Q: Like minimum wage is lately?
A: Yup. I replied to Victor that I remembered it too: I was once Louis Catorce's piss-boy, a humble servant named Poupon. I told him that when he peed in the morning while I held the bucket, he liked to confide in me. I was simple, you see, and it was refreshing to him that I'd forget whatever he'd say. Sometimes he would agonize about using slaves, even though it was for a beautiful lasting monument. Was he wrong to do this? Or that? Or the other? I'd always reply "I don't know, your highness," but in French. Then I would forget about it. The King appreciated my refreshing, frank honesty so much, I got to be piss-boy for all of my days and was not turned out to sleep in a damp haystack in my old age.
Q: Is that true?
A: I don't know, your highness. We were just having fun. Still: where there is no fun, there's probably no truth.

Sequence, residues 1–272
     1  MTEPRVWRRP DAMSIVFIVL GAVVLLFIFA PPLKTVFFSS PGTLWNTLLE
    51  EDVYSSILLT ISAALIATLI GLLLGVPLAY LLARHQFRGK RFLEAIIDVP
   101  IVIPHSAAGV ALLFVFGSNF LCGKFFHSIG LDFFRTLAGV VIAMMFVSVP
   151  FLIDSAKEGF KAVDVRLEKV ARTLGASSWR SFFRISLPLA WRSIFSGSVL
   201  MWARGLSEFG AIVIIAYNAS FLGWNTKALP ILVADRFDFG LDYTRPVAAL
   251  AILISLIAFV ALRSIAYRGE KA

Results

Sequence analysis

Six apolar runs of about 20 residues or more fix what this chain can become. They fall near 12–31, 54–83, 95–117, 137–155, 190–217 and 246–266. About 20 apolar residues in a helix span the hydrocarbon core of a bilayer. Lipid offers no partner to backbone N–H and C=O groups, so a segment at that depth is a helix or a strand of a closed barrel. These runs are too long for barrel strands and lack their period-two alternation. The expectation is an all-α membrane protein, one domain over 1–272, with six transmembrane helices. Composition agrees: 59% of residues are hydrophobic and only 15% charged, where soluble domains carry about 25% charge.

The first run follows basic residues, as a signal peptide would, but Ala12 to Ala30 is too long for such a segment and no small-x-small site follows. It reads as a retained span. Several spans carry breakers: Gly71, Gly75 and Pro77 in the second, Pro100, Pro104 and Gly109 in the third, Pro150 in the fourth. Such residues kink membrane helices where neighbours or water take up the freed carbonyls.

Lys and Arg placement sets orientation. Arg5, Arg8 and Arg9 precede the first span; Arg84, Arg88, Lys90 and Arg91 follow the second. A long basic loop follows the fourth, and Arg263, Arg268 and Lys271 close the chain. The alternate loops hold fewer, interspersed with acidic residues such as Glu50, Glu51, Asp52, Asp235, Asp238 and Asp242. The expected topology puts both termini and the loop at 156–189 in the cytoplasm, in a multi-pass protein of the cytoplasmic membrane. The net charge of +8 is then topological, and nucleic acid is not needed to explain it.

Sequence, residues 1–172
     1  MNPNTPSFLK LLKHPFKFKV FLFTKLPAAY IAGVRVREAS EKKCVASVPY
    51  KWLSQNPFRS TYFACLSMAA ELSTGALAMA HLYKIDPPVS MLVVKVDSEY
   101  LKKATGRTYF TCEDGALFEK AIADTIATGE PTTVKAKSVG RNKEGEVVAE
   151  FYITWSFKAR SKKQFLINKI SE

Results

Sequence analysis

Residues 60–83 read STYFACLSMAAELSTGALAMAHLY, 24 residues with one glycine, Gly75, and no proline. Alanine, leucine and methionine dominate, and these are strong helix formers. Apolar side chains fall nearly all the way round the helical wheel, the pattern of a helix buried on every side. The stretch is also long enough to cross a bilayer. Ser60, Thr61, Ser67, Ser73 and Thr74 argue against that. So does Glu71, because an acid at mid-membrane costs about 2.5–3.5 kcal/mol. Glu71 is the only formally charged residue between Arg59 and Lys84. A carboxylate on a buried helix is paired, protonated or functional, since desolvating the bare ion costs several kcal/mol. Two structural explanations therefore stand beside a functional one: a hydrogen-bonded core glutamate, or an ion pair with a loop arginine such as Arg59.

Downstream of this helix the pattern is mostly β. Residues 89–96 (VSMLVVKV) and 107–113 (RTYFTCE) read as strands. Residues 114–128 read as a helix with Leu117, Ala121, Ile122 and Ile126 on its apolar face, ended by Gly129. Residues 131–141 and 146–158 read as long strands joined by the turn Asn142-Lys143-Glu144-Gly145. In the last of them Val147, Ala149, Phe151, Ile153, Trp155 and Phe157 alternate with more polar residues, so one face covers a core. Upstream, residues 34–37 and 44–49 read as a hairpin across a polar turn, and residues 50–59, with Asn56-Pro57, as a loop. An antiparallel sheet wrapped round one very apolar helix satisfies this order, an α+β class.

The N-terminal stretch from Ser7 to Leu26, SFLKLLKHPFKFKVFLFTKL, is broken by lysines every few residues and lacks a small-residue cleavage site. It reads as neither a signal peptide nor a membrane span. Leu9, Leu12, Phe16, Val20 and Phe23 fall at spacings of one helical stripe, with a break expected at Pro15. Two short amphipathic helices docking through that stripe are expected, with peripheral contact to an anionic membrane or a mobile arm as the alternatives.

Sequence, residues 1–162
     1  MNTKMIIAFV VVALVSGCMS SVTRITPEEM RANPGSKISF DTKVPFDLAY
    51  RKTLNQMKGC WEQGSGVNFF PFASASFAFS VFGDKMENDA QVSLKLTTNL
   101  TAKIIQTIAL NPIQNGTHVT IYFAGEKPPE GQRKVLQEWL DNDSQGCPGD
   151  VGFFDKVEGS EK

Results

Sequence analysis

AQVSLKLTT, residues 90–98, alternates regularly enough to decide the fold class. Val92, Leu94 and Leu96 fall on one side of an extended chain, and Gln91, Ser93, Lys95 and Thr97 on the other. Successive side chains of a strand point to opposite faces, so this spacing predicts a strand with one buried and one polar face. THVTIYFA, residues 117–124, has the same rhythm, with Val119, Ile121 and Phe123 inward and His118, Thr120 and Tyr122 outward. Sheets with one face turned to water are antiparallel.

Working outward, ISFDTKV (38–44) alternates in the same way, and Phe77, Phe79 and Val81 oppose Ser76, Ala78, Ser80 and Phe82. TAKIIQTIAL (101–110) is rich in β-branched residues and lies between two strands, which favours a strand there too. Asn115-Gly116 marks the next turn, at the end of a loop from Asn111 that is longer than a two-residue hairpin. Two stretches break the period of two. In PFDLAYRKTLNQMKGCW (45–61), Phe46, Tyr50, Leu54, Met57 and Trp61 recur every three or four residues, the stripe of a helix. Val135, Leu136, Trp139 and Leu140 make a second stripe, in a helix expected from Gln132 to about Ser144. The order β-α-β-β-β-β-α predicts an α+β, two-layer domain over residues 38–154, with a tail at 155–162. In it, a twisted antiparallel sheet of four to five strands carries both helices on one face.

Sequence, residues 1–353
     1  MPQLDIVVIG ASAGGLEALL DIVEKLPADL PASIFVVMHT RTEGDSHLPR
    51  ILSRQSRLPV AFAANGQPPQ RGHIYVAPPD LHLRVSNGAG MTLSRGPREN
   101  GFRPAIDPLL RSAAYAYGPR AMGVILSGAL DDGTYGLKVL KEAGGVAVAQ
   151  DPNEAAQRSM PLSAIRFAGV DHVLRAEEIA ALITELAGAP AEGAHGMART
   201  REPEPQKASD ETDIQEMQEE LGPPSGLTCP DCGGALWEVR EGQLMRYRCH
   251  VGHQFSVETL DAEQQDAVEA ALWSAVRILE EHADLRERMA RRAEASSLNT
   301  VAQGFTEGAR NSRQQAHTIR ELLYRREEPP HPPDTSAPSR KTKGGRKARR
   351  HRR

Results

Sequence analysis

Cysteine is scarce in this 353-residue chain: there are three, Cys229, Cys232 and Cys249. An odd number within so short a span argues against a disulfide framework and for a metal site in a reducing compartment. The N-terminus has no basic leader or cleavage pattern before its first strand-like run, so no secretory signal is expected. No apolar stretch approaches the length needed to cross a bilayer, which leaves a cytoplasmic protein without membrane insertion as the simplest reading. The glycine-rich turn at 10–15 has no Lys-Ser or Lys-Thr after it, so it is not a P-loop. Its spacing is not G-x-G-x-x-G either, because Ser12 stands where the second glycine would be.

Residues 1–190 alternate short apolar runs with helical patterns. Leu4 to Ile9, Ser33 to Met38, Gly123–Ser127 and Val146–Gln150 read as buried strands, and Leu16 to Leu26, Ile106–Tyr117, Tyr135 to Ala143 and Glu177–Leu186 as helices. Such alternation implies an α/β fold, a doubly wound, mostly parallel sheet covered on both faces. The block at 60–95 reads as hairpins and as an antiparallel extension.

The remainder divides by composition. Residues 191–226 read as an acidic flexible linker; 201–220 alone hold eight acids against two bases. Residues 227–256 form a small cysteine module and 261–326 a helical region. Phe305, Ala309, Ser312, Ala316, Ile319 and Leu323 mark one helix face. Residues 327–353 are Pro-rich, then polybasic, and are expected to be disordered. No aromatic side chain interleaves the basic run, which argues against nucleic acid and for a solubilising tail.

Q: That's too deep for Dick Cheney. So what about Louis XIII and the past life hypnotist?
A: The hypnotist had this really deep unctuous voice; it kept goading his rather unlikable, sleepy-sounding client into telling an unlikable, sleepy-sounding story about himself. "Nobody likes me," said the subject. "Wanna get in touch with that feeling?" intoned the unctuous hypnotist. "They're jealous of me because of my clothes," said the subject. "Wanna get in touch with that feeling?" he'd intone again. That's about all the unctuous hypnotist said throughout the session.
Q: That doesn't sound like goading to me.
A: Well, it is.
A: The hypnotist selected only the negative things his sleepy subject uttered to rhyme with "wanna get in touch with that feeling?" At each negative point, he'd prompt the poor ex-king to create an imaginary time and place in which he saw himself. He was leading Louie around in a state of suggestibility. Just like in that famous session with Aldous Huxley.
Q: I don't know about that.